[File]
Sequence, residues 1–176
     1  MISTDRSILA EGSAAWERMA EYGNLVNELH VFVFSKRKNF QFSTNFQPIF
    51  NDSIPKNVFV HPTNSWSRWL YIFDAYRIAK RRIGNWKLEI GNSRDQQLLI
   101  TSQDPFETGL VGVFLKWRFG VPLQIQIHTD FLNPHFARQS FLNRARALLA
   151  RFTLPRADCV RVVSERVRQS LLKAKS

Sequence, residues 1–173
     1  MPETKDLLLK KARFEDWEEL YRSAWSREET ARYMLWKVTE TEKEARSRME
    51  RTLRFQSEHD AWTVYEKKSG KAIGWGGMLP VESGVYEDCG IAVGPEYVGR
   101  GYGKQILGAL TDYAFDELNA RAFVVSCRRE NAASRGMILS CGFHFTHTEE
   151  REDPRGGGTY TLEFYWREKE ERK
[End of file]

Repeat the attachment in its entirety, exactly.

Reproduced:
Sequence, residues 1–176
     1  MISTDRSILA EGSAAWERMA EYGNLVNELH VFVFSKRKNF QFSTNFQPIF
    51  NDSIPKNVFV HPTNSWSRWL YIFDAYRIAK RRIGNWKLEI GNSRDQQLLI
   101  TSQDPFETGL VGVFLKWRFG VPLQIQIHTD FLNPHFARQS FLNRARALLA
   151  RFTLPRADCV RVVSERVRQS LLKAKS

Sequence, residues 1–173
     1  MPETKDLLLK KARFEDWEEL YRSAWSREET ARYMLWKVTE TEKEARSRME
    51  RTLRFQSEHD AWTVYEKKSG KAIGWGGMLP VESGVYEDCG IAVGPEYVGR
   101  GYGKQILGAL TDYAFDELNA RAFVVSCRRE NAASRGMILS CGFHFTHTEE
   151  REDPRGGGTY TLEFYWREKE ERK